For this Swim Guide Spotlight, we reached out to Erin Donmoyer, the Black-Sampit Riverkeeper to learn more about the development of the new Riverkeeper program for the Black and Sampit watersheds.
Where: South Carolina, USA
Number of regions: 5
Number of sites: 37
Sampling season: June to September
Sampling frequency: Weekly
Swim Guide Affiliate since: 2020
*This interview has been edited for length and clarity.
Danica: Hello Erin. I just wanted to start by congratulating you on becoming the Black-Sampit Riverkeeper!
Erin: Thank you, thank you.
Danica: To begin, could you introduce yourself and talk a little bit about how you got involved in the Waterkeeper movement and how you ended up in your current position?
Erin: Sure. It was kind of by happenstance. I was a consulting Environmental Scientist in Alaska for about 10 years and then did a brief stint as a specialty cut flower farmer and B&B owner in Vermont and then relocated back to my original home state, South Carolina, just late last year. I happen to have a friend who had worked with Waterkeeper Alliance for about eight years and he’s with the actual parent company Waterkeeper Alliance. And a job post for a Riverkeeper right in this tiny little random rural area where my family farm happens to be, that I relocated to help out with, popped up. So it just seemed serendipitous and well, I love these rivers and swamps. I grew up exploring them as a kid, especially the Black River. It just seemed like a natural progression, a natural door that had opened that I should walk through. So, here I am.
Danica: That’s amazing, it’s almost like you’ve come full circle.
Erin: Yeah, yeah, it really is!
Danica: That’s awesome. I’d love to know more about programs that you’re fledgling for the Black and Sampit Watersheds.
Erin: Sure, sure. A lot of Riverkeepers step into an already established program, I did not. There was not a Riverkeeper on either river prior to my position so I’ve just kinda spent a few months catching up on everything that’s going on with the watersheds and what is needed for a program. With my background in science, it was kind of a natural first step to say “okay, let’s work on a baseline data set for water sampling on each of the rivers”. The Black River already had a decent amount of history of water sampling in certain parts of it with volunteer programs and different conservation groups that are up river a bit from here. The Sampit River really didn’t, there was kind of a dearth of information for water quality. There are quite a few industries along that river in just the short stretch that it is. It’s no more than 10 miles but the Black River is much longer, it’s about 151 miles.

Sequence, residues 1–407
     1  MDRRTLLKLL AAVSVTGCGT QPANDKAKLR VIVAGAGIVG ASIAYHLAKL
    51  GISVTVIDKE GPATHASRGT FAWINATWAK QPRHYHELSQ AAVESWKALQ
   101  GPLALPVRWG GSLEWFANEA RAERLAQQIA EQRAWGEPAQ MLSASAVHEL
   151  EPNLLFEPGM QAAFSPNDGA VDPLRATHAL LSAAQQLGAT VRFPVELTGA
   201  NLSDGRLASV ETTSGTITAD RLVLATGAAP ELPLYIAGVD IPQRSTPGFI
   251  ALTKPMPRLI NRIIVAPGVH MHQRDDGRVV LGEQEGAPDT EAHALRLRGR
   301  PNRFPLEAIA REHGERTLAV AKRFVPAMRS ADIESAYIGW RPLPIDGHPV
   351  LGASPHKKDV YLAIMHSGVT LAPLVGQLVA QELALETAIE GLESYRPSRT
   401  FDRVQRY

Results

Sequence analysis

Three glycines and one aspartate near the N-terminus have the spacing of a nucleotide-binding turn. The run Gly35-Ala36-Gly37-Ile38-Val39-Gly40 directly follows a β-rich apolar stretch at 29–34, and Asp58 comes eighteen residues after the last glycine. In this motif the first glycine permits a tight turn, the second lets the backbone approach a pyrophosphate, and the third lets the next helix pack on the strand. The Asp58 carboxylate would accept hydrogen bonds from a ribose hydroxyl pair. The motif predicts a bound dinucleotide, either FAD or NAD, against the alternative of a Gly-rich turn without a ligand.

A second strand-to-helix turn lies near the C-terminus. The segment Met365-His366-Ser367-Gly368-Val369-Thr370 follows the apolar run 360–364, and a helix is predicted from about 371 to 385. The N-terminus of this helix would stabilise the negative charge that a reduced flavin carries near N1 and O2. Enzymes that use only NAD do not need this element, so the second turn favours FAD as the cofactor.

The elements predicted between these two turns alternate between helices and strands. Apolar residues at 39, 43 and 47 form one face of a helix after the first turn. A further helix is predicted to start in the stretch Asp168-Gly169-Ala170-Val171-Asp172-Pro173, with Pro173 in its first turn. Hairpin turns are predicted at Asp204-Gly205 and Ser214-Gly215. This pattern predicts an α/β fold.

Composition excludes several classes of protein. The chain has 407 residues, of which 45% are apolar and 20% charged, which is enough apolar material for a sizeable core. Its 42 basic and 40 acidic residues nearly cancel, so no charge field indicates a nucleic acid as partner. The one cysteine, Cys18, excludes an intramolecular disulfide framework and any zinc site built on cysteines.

Danica: Oh, wow!
Erin: So I’ve mostly just been working on getting the water sampling programs going and trying to identify volunteers that would be interested in working on it. Also identifying where litter issues are. We didn’t procure it but we kind of stepped in and aided in the install of a WATERGOAT trash system up in Kingstree on the Black River. There’s also a grant to put up 25 more in the state this year so I’m going to start working with a couple of other cities along the Black River, which tends to have a bit more of a litter issue than the Sampit River because there are more populated areas along it, to identify some other places to put up more WATERGOATS. Or another WATERGOAT at least.
What else am I doing? Mostly, with the Sampit River, I’m really eager to dig into it and just identify the health of the river system right now. There are a few local small commercial fishing and crabbing operations that happen near the headwaters and down the river but about 6 miles up from the mouth, there is a large chemical plant. Information on the plant is kind of scant so I’m looking into permits that exist for waste water discharge or storm water discharge from each of the factories that are along the river but I haven’t found much on the chemical plant yet. Down from that, we have a large power generation station that is one of the last coal fire power generation facilities that exist, so we’re keeping an eye on that, of course. And then we have International Paper down towards the mouth, a very large paper mill. Like I said, I’m just eager to figure out what’s going on along the Sampit River.
There also seems to be what looks like to me, some salt water intrusion going on which might just be a natural element of climate change. I was up at the very tippy top headwaters today to take a PFAS sample on the Sampit River. Two, an upstream and an downstream PFAS on the Sampit River. That’s the other thing that’s happening that’s kind of exciting to check for PFAS. I took a salinity reading at about 10 miles upstream, where the water is coming out of the bog and I still got a salinity reading of about 2 parts per thousand salinity, so that is a big question mark in my mind right now. Why are we finding salt in the system near the headwaters? So, just lots of questions right now and I’m just gathering information. Particularly on the Sampit River where there is not much available.